7 basic quality tools
The most asked interview question for a Mechanical Engineer!
Table of Contents:
What is quality?
Quality is a subjective topic. The reason is that the requirements about a particular thing might differ from person to person or organization to organization. Due to this, there exists a lot of definitions for quality, but to put it in general terms ISO has defined quality as:
“Degree to which a set of inherent characteristics fulfils requirements”.
Seven Basic Quality tools are also called ‘The old seven’, ‘The first seven’, ‘The basic seven’.
The seven basic tools of quality is a designation given to a fixed set of graphical techniques identified as being most helpful in troubleshooting issues related to quality.
They are called basic because they are suitable for people with little formal training in statistics and because they can be used to solve the vast majority of quality-related issues.
7 basic quality tools
With the seven basic tools of quality, you can easily manage the quality of your product or process, no matter what industry you are in. The 7 basic tools are as follows:
Cause-and-effect diagram / fishbone diagram / Ishikawa diagram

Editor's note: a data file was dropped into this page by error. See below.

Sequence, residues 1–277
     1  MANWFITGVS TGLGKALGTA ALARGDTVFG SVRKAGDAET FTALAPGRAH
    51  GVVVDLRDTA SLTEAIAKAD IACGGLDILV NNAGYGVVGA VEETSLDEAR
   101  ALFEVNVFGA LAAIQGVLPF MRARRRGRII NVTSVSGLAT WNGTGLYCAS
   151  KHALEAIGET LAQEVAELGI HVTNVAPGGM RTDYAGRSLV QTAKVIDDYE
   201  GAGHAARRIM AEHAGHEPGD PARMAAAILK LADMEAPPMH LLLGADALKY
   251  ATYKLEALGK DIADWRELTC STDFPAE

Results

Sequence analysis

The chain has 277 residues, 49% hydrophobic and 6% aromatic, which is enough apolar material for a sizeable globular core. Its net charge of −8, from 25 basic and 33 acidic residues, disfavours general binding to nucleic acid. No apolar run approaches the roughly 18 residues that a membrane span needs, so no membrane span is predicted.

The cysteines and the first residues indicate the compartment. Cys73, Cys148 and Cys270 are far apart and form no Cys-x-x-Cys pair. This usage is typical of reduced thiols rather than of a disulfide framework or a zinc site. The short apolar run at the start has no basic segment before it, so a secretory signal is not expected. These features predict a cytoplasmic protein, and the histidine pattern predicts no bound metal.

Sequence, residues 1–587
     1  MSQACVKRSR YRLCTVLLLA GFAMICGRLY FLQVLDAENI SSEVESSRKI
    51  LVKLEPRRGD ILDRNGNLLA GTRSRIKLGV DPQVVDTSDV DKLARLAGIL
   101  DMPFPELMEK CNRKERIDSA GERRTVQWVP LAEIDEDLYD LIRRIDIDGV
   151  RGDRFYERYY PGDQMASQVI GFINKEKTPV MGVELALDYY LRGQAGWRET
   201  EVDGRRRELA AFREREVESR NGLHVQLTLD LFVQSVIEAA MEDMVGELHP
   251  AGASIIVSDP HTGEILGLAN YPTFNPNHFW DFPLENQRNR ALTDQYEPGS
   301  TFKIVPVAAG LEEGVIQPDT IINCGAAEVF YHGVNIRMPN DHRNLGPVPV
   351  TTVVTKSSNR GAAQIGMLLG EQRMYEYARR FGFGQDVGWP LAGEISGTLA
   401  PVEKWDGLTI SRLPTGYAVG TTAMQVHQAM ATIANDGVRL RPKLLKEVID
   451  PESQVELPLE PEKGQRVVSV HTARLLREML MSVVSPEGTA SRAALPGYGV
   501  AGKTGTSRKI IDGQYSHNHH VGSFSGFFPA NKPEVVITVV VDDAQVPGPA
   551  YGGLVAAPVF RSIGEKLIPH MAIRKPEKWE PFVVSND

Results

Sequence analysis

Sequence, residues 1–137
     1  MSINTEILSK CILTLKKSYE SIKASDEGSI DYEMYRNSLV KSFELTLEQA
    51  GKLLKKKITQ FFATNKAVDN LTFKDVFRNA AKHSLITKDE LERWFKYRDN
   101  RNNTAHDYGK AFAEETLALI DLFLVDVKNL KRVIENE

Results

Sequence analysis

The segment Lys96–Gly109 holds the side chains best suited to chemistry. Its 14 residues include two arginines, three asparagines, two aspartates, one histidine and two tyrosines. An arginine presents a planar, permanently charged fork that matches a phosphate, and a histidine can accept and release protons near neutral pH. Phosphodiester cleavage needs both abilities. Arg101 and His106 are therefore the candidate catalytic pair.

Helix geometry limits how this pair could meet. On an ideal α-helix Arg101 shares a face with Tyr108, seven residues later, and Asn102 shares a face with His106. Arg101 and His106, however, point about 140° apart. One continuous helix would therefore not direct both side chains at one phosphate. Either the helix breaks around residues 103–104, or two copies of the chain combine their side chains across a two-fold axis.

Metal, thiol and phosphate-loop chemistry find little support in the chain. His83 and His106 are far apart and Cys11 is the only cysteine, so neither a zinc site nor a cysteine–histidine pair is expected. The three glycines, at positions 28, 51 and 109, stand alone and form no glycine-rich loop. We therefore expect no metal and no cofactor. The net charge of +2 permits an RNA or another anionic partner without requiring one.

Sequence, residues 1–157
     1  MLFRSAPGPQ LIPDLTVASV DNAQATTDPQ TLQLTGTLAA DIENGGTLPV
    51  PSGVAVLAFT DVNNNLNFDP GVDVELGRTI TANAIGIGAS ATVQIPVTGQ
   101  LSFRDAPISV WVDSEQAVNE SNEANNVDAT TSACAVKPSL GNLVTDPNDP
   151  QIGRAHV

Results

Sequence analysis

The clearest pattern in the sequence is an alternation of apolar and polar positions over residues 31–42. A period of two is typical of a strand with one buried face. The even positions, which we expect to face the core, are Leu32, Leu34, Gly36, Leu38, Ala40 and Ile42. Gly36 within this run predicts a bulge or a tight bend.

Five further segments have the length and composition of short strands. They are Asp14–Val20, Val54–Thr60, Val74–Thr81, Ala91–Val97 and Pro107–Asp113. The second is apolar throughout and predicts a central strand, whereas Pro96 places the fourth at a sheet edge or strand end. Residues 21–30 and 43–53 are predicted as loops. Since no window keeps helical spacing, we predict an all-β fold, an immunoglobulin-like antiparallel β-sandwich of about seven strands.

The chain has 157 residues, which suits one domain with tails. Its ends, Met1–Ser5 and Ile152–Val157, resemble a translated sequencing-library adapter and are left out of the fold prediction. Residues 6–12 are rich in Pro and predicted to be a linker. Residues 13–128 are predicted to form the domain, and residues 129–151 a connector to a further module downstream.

As the name suggests, the diagram indeed looks like a fish with its skeleton as shown in the figure above, hence also called herringbone diagrams. It is created by Ishikawa hence also called Fishikawa.
Definition: An Ishikawa diagram is a diagram that shows the causes of an event and is often used in manufacturing and product development to outline the different steps in a process, demonstrates where quality control issues might arise, and determine which resources are required at specific times.
When to use: When identifying possible causes for a problem.
How to use / Process:
Brainstorm about and come to conclusion for effect or the problem statement.
Brainstorm the major categories of causes of the problem. :
Brainstorm "Why it happens?" and keep asking Why until you reach the root cause (5 Why) and keep adding points in the fishbone diagram.
Benefits and outcome: Solve the root cause of the problem and improve the quality.
Diagrams can become messy for complex problems.
Irrelevant potential causes can cause confusion.
Example: Imagine you own a restaurant and the customers have been complaining that the burgers are not good. The fishbone diagram for this situation will be as follows:
It is a simple tool used to collect and organize the data. The data it captures can be quantitative or qualitative. When the information is quantitative, it is also called a tally sheet.